The current study was conducted at the Advanced Imaging Research Center (AIRC), a collaborative facility shared by UT Dallas and other North Texas facilities and located on the UT Southwestern Medical Center campus. The facility houses several MRI scanners that work with magnetic fields up to 7 Tesla (7T) for human studies. MRIs with such strong magnets – the magnet in a 7T machine is more than twice as strong as clinical 3T MRIs – can illuminate metabolic processes and provide unprecedented detail in the resulting images.

In the study, 41 participants – 15 cognitively normal, 15 with MCI, and 11 with early Alzheimer’s disease – received assessments of executive function, memory, attention, visual skills, and language. The 7T MRI scans focused on measuring the ratios between the energy molecules adenosine triphosphate (ATP) and phosphocreatine (PCr), as well as inorganic intracellular phosphate.

“Most of the energy in a cell comes from the mitochondria,” said Das. “It is believed that mitochondrial dysfunction occurs early in Alzheimer’s disease and that ATP and PCr are not properly synthesized. With 3T MRI, we couldn’t see these molecular levels accurately. 7T gets us there.”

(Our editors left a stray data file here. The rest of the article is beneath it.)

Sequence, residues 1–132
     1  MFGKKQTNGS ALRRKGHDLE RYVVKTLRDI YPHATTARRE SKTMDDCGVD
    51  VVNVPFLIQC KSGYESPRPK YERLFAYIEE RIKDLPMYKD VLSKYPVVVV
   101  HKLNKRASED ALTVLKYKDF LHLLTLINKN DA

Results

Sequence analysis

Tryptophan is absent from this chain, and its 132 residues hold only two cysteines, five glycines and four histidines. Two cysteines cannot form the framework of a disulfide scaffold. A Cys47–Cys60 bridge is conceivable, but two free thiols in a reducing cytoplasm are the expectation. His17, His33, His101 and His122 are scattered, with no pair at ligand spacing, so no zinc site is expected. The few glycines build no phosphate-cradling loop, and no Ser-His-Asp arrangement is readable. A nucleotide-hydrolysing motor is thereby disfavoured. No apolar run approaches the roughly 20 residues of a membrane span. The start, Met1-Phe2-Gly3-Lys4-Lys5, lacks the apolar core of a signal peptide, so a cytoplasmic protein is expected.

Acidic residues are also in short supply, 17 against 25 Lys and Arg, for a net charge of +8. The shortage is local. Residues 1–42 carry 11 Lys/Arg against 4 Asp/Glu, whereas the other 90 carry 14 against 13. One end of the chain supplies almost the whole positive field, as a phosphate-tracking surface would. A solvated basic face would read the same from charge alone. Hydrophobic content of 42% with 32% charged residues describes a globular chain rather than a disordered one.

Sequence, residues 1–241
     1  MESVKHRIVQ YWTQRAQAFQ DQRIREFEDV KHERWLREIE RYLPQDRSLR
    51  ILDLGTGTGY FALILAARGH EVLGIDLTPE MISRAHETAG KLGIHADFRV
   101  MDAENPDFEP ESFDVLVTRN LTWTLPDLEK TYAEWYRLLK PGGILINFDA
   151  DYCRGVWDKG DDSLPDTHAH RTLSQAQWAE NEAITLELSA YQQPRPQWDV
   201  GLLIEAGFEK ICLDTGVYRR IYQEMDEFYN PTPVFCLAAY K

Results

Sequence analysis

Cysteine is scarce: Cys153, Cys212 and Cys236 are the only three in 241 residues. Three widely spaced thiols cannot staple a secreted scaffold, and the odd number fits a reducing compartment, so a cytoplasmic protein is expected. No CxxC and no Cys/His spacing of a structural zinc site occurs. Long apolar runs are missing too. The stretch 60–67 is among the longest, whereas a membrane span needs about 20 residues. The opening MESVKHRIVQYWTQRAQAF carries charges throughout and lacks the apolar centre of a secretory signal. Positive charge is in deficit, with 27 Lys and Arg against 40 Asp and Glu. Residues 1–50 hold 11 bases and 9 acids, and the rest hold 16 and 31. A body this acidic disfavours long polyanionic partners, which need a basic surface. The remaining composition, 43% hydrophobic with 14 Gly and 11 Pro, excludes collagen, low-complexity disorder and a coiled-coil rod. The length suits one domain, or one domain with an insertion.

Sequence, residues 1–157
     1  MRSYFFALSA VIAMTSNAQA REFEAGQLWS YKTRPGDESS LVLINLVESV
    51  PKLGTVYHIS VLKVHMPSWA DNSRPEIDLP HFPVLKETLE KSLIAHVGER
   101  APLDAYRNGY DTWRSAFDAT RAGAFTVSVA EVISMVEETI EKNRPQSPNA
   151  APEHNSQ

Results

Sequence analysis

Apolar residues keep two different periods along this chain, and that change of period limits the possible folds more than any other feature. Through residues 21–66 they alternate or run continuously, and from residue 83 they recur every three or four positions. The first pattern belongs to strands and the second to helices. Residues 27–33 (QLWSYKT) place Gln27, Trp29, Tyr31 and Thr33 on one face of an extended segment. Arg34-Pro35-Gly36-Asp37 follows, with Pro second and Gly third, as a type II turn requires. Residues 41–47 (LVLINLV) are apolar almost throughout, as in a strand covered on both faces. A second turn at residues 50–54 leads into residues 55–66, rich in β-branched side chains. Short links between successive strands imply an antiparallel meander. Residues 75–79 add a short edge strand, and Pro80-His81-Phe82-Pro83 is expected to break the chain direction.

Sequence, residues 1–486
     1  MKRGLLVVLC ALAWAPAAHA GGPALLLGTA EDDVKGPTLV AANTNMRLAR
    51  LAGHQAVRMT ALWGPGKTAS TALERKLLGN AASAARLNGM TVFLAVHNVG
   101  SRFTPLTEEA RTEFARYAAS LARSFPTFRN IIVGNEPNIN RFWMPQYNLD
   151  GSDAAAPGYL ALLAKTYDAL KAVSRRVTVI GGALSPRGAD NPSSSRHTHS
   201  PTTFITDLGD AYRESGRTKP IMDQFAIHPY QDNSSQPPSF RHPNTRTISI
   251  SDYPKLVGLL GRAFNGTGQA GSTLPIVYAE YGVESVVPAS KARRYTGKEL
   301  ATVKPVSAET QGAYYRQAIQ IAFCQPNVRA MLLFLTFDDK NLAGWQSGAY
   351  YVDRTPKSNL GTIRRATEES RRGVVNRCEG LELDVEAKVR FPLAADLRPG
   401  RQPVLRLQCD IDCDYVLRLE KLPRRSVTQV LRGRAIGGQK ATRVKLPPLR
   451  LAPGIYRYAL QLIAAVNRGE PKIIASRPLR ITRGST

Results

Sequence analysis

The researchers’ scans of the participants’ temporal lobes showed that the ratio of PCr to ATP – which Das calls the energy reserve index – correlated with the participants’ detection levels.

“The energy reserve was lower in patients with mild cognitive impairment and even lower in patients with Alzheimer’s,” she said. “We believe this is the first paper to confirm that MCI’s energy reserves are in many cases dwindling years before Alzheimer’s disease onset.”

While 7T MRI machines are not yet widely used for routine clinical evaluation of patients, Das said the techniques used in the research study could be adapted to commonly available 3T machines.

“Technology is advancing in such a way that we may soon be able to change what we see on 7T scans to detect them on 3T, and 3T is available everywhere,” she said. “We can optimize some of the MRI parameters we use to acquire these images with 3T, as we did with proton spectroscopy. We hope this can be achieved in the next few years.”

In the future, the research team intends to combine this energy-level biomarker with positron emission tomography scans that measure beta-amyloid and tau protein, the most well-known markers for Alzheimer’s disease. In the meantime, Das will continue her research on the use of MRI to find novel neuroimaging markers at Harvard Medical School’s McLean Imaging Center starting July 1.

“We hope to see if the brain’s abnormal energy metabolism is related to the accumulation of beta-amyloid and tau,” said Das. “Researchers have believed for years that such metabolic deficiencies could precede such accumulations, but only now, with 7T, do we have the modality to find out.”


Journal reference:

Das, N. et al. (2021) Phosphate Brain Energy Metabolism and Cognition in Alzheimer’s Disease: A Spectroscopic Study Using 31 Phosphorus Magnetic Resonance Spectroscopy with Whole Brain Volume Coil at 7 Tesla. Limits in Neuroscience.